The atomic bombings of Hiroshima and Nagasaki and the resulting deaths of tens of thousands of Japanese citizens in the summer of 1945 did more than decisively end World War II. The U.S. strikes that brought nuclear destruction of those two cities also thrust the world onto a new trajectory—one that led to the terrifying development of the far more powerful hydrogen bomb and the ruinous arms races of the cold war it entailed. In retrospect, one might wonder how our modern world might look today if World War II’s nuclear conclusion had played out differently. A new work of historical fiction—The Berlin Project—is author and physicist Gregory Benford’s best attempt to explore that question.
Benford makes the case for how a single fateful decision could have armed the U.S. with effective nuclear weapons a year ahead of schedule—early enough to deploy them on the western front in Europe, rather than only in the Pacific. The result, he says, could have been a faster and less devastating end to World War II as well as a profound shift in the course of world history. Through an informed exploration of what might have been, The Berlin Project provides a unique and darkly enthralling perspective on the events underpinning the advent of the atomic age.
Scientific American spoke with Benford about the factual basis for his book, the appeal of “alternate history” and the surprising origins of some real-world nuclear tactics in works of science fiction.
[An edited transcript of the interview follows.]
What is the appeal to you or your readers of reimagining historic events?
The idea of “alternate history” restores to history the sense of contingency—that is, the people in the past did not have the assurance of knowing the outcome! So we have to get into that mind-set to understand why certain choices were made.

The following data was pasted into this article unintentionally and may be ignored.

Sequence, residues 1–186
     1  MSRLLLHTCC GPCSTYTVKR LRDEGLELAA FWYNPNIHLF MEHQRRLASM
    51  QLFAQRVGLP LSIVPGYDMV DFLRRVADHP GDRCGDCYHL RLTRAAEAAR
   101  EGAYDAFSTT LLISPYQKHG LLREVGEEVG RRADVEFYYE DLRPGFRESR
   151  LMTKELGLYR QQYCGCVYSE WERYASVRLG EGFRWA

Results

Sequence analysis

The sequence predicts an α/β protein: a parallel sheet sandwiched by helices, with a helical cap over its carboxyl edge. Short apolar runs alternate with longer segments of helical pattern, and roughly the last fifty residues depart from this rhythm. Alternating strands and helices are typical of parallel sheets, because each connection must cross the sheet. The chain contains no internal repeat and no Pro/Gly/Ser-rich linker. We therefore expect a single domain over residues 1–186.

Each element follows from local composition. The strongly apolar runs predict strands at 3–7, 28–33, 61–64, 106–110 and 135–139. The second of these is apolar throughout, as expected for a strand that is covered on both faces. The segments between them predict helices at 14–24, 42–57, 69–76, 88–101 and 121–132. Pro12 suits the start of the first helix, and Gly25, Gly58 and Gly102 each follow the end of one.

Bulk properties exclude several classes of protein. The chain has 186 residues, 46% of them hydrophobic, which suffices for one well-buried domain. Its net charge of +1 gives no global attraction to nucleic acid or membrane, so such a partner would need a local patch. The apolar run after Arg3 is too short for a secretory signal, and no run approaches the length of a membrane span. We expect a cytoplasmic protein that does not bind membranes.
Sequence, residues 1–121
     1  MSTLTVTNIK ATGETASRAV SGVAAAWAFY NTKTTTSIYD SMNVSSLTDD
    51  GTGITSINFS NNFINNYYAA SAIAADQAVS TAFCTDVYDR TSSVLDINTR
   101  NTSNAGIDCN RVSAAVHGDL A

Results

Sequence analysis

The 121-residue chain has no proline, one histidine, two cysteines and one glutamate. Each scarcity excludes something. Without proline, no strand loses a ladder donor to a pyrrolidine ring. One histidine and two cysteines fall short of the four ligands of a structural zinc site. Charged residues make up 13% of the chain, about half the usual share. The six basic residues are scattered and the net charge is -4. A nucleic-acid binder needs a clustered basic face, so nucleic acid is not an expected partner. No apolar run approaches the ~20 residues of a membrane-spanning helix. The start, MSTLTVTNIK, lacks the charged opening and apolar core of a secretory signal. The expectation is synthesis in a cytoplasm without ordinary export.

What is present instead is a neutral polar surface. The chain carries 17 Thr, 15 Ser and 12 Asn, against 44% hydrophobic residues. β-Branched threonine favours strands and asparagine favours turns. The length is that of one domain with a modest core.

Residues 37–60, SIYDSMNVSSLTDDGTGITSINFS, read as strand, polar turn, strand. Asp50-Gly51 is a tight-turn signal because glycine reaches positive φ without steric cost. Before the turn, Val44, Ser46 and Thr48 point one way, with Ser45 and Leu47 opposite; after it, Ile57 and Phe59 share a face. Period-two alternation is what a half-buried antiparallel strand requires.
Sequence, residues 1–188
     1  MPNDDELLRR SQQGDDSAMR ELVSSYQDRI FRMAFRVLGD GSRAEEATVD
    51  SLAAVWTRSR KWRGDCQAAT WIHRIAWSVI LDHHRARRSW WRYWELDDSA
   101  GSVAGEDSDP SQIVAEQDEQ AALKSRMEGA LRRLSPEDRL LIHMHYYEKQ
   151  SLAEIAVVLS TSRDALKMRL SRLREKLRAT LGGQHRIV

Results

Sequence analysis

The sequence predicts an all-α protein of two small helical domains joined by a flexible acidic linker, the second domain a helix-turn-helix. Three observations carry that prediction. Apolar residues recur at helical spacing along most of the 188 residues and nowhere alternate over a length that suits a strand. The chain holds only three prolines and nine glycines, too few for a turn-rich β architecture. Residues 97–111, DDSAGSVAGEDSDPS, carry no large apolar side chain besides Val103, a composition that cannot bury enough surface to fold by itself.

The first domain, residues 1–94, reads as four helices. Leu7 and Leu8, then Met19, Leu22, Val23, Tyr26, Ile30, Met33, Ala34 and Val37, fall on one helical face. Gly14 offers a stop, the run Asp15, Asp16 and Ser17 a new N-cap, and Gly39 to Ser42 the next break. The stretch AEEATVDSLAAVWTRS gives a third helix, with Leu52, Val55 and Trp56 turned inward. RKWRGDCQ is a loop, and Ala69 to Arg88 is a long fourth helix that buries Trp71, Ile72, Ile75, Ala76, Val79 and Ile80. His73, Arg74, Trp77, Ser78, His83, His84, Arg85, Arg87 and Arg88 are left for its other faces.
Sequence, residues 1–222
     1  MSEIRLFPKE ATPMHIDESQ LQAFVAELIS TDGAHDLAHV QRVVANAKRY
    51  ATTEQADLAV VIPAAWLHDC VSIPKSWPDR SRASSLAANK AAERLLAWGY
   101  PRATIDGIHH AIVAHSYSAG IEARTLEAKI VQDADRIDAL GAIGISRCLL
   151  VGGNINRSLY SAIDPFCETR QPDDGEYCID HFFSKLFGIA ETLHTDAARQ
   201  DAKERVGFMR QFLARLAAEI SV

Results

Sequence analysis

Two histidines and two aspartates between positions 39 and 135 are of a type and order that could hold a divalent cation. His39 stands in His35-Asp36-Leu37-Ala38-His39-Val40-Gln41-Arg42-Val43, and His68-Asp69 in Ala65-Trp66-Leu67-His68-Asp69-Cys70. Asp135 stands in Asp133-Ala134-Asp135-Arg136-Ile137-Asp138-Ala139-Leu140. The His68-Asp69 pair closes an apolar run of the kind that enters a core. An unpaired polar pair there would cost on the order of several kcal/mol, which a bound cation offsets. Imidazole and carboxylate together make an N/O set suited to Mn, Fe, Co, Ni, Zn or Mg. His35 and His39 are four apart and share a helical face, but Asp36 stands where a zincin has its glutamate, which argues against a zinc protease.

What made you want to revisit this particular part of history?
World War II, as my editor at Simon & Schuster once said, “is the gift that keeps on giving.” It touches on and in some cases helped create many of the greatest problems we have today—especially the existence and use of weapons of mass destruction, whether nuclear, biological or chemical. It’s the greatest war in human history, and so its history is filled with many fascinating details.
The real incentive for this novel, though, comes from when I was a postdoc at Lawrence Livermore National Laboratory, working for theoretical physicist Edward Teller straight out of grad school. One day over lunch he told me about a turning point in World War II that very few people knew about. Teller remarked that, of course, everybody loves success. So historians had papered over the fact that when we developed the atomic bomb we made a decisive bad judgment that cost more than half a billion of 1940s dollars and delayed the war’s end by about a year. The bad decision came in 1942 from Gen. Leslie Groves, who directed the Manhattan Project, which was the U.S. R&D program to develop the first nuclear weapons. To make uranium suitable for an atomic bomb, you have to somehow enrich it up to weapons grade, so that it is almost pure U 235, the element’s most fissile isotope. Groves chose to pursue gaseous diffusion over an alternate concept—Harold Urey’s centrifugal separation—to enrich uranium up to weapons-grade. And we now know that was a huge mistake. If we had stuck with centrifugal separation for another six months, we would have solved its engineering problems, without question. By contrast, gaseous diffusion did not have the necessary semipermeable membranes when Groves decided to use it, and it took two more years—until 1944—to develop them.